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I can't speak to the standard martin stuff, but I can add a bit of mechanical engineering / manufacturing experience to the discussion and say that 1/4-20 is going to be very, very strong. I used 10-32's on my electric bolt-on build for a few reasons.

1. #10 machine screws are strong enough for any load-bearing applications that a guitar will ever see.

2. 32 threads per inch will yield much greater adjustability, force of engagement, and holding power than 20 threads per inch.

3. Slightly smaller head sizes seemed more visually balanced.

As for threaded inserts I have used 2 versions in wood: the ones typically mentioned here with external threads which are driven into place by screwdrivers or allen keys and the ones which are press-fit in place and then expand for a tight fit when bolts are threaded into them (sometimes called finserts). I have to say I have developed a very strong preference for the finsert variety. \

The ones you screw in place, particularly those with flat-head slots are exceptionally easy to strip out, slip out of (hurting your work), are very tiring on your forearms to get in place, and they do not always end up very well aligned with the original hole you drilled (and they are super hard to correct the axial alignment of). The threaded ones are far more common, and they may be a bit stronger, but I no longer believe they are worth the effort and hassle.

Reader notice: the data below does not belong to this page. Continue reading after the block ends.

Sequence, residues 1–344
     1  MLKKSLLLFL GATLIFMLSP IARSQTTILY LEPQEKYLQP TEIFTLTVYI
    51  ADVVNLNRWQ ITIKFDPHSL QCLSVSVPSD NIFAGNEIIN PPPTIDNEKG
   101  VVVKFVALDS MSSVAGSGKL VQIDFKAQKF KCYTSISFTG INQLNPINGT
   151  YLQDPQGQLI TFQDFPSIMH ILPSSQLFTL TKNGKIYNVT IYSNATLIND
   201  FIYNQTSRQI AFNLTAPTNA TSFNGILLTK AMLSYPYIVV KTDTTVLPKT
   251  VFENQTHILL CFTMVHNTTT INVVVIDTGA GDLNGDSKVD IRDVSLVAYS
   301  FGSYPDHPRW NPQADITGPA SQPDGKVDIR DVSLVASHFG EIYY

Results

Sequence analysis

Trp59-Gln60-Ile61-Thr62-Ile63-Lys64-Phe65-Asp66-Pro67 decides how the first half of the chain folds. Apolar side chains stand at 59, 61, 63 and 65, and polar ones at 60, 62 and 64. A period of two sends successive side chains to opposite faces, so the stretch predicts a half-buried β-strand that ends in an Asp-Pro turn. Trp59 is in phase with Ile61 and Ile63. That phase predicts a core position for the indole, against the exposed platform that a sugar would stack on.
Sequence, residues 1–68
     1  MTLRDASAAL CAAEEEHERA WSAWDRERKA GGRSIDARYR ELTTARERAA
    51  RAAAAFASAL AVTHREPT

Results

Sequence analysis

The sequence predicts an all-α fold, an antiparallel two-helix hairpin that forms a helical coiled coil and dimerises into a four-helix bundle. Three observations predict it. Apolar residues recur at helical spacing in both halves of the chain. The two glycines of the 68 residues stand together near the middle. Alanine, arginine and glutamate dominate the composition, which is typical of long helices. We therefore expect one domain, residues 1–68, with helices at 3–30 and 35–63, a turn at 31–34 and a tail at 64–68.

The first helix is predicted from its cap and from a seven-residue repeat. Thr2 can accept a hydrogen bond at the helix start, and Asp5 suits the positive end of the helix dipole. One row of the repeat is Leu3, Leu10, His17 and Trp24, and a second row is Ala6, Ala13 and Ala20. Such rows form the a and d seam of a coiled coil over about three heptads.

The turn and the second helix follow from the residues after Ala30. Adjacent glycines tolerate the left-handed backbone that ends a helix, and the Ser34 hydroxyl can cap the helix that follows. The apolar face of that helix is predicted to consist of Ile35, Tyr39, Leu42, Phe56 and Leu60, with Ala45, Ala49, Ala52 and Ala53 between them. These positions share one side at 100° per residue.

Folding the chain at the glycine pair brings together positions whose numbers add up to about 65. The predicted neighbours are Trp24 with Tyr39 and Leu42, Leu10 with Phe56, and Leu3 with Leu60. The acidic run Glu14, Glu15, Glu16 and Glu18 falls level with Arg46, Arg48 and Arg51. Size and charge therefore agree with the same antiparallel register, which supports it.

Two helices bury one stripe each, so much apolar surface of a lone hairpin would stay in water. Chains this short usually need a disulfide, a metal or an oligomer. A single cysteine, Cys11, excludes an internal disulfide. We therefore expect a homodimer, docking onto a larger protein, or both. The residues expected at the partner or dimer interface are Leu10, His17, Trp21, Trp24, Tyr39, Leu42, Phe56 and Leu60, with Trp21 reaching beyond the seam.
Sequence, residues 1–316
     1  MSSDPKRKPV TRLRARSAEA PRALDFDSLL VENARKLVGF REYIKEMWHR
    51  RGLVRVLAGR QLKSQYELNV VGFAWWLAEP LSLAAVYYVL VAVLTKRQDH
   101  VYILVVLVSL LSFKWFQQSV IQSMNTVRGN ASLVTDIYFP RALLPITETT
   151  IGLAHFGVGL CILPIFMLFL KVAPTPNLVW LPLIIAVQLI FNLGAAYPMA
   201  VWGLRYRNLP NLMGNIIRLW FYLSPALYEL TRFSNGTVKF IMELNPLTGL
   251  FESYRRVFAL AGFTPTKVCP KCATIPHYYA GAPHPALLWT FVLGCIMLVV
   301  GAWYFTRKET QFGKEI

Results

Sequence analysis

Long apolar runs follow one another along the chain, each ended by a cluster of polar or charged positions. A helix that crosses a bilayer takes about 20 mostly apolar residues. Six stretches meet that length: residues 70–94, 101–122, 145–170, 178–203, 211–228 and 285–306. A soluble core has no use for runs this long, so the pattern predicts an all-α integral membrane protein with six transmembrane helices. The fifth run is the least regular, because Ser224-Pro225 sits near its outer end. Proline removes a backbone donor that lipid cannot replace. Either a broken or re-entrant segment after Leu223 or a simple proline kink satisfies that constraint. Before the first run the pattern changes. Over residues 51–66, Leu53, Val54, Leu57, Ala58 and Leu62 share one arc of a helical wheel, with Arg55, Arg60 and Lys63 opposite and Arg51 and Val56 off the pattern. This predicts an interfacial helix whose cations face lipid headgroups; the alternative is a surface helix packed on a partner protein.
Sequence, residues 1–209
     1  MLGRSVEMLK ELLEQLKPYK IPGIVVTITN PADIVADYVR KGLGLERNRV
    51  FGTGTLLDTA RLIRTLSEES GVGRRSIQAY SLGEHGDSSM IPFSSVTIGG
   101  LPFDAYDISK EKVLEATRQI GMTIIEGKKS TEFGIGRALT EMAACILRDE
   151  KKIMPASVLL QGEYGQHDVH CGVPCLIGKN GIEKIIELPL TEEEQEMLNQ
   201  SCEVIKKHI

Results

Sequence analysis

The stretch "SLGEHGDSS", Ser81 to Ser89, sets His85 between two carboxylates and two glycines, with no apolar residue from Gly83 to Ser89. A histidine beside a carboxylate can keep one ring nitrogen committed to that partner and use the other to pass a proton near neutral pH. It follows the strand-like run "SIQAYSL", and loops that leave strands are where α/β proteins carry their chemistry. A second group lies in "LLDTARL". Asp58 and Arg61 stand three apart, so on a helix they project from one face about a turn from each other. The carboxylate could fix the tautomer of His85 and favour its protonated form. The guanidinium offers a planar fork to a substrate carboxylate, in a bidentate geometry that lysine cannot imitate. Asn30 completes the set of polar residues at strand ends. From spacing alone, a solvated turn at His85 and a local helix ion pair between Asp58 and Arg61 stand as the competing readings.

By contrast finserts are a breeze. Basically they are split down the center and compress into a pilot hole for easy insertion. When you insert a machine screw/bolt the compressed body expands, cutting into the wood walls and holding tightly via barbs and pressure. Thus they are super simple to install, easy to align with the holes (just make sure your bolt goes in at the angle you want it to) and have a holding strength that does not seem to be any weaker than the threaded sort. In fact it often seems like they hold tighter and the wood you are putting the inserts into does not get as damaged upon installation. I cannot speak to their actual holding power in contrast to the ones most people are used to, but I've never had any issues with my other non-guitar projects.

So if I were to throw out what inserts I would (will) buy for my next project, I'd go with McMaster-Carr part number 90363A029.

Here's a page on how they work, crazy simple: http://www.ezlok.com/InsertsWood/woodPlastic.html

My two cents.

-Dave